Notations is an ongoing series of gallery installations named after the 1968 book by American composer, writer, and visual artist John Cage, who was widely celebrated for his experimental approach to the arts. The Notations series at the Philadelphia Museum of Art serves as a flexible tool to explore contemporary art.Location: Alter Gallery 176
Full Spectrum: Prints from the Brandywine Workshop
September 7—November 25, 2012
In 2009, the Brandywine Workshop in Philadelphia donated 100 prints by 89 artists to the Philadelphia Museum of Art in memory of the Museum’s late director, Anne d’Harnoncourt. This year, the Workshop celebrates its 40th anniversary as a center dedicated to the creation of prints and to broadening their appreciation. Working with local artists, hosting visiting artist residencies, and offering a wide array of educational programming, the Workshop actively engages diverse artists and communities. To honor the Workshop’s generous gift, the Museum is presenting an exhibition that will include more than 50 prints, among them works by John Biggers, Edgar Heap of Birds, Mei-ling Hom, Ibrahim Miranda, and Howardena Pindell. Representing the broad range of the artists who have produced work at the Brandywine Workshop, Full Spectrum will feature prints by African and African American, Asian, Caucasian, Hispanic, Latino, Caribbean, and Native American artists. Cultural identity, political and social issues, portraiture, and landscape, as well as patterning and pure abstraction, are just some of the many concerns explored in their prints, underscoring the breadth of the Workshop’s stylistic and conceptual reach.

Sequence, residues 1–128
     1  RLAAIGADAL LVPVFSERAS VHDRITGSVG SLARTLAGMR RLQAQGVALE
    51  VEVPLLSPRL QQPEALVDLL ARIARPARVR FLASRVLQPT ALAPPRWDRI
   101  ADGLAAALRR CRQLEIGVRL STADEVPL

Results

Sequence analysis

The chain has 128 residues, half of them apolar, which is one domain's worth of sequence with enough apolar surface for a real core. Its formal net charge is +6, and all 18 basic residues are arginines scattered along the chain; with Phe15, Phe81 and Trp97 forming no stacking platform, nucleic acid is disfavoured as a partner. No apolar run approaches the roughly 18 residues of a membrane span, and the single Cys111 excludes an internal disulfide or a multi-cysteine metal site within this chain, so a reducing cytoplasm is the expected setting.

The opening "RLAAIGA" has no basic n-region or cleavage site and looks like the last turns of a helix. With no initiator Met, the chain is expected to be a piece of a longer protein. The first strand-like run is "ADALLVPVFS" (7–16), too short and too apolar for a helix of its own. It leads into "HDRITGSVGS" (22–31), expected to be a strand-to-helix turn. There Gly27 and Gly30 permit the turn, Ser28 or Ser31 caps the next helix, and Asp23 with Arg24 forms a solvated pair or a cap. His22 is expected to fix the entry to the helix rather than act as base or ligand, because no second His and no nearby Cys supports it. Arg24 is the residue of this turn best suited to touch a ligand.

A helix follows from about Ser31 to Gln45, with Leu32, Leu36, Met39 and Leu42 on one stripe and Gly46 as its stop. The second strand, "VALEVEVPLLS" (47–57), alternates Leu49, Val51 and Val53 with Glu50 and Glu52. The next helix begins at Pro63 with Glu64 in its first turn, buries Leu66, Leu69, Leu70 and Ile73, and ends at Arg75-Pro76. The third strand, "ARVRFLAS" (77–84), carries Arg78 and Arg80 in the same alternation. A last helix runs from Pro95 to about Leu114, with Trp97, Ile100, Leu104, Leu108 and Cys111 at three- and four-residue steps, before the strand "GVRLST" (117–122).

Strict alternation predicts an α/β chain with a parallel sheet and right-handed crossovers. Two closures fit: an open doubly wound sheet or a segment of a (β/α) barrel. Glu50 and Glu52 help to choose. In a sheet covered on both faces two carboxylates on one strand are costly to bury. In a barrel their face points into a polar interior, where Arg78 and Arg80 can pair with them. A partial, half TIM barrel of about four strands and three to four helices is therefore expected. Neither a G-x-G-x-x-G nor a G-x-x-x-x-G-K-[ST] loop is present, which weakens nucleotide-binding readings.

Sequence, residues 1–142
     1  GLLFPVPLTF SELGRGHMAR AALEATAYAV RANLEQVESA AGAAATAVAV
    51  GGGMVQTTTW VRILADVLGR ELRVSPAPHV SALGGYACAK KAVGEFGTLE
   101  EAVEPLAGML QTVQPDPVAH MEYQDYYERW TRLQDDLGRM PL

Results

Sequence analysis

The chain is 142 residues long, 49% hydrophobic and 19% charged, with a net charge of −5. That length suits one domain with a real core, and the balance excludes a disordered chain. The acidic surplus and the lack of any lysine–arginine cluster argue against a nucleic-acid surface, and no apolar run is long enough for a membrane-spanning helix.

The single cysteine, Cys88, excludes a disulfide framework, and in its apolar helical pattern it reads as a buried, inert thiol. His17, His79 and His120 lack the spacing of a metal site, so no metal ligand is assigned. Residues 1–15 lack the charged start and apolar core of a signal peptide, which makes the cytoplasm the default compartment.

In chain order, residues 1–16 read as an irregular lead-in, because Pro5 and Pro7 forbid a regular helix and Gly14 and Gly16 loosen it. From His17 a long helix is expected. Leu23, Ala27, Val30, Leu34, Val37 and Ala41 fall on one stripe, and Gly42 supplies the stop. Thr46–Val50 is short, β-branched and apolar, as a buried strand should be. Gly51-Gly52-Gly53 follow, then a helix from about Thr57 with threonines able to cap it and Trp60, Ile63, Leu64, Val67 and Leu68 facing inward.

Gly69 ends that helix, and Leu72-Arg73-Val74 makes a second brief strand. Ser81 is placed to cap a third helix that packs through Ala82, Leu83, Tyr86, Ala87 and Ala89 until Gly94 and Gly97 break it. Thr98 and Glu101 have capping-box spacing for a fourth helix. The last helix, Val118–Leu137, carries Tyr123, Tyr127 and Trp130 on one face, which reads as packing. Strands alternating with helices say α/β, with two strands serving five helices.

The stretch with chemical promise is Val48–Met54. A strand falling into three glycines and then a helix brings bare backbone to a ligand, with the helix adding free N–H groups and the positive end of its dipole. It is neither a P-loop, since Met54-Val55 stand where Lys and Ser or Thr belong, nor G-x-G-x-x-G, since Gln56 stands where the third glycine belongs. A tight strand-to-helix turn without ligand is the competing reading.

The exhibition is funded in part by The Pew Charitable Trusts.Curator: Curator: Shelley R. Langdale, Associate Curator of Prints and Drawings
Location: Location: Honickman and Berman Galleries Press Images
Shipwreck! Winslow Homer and The Life Line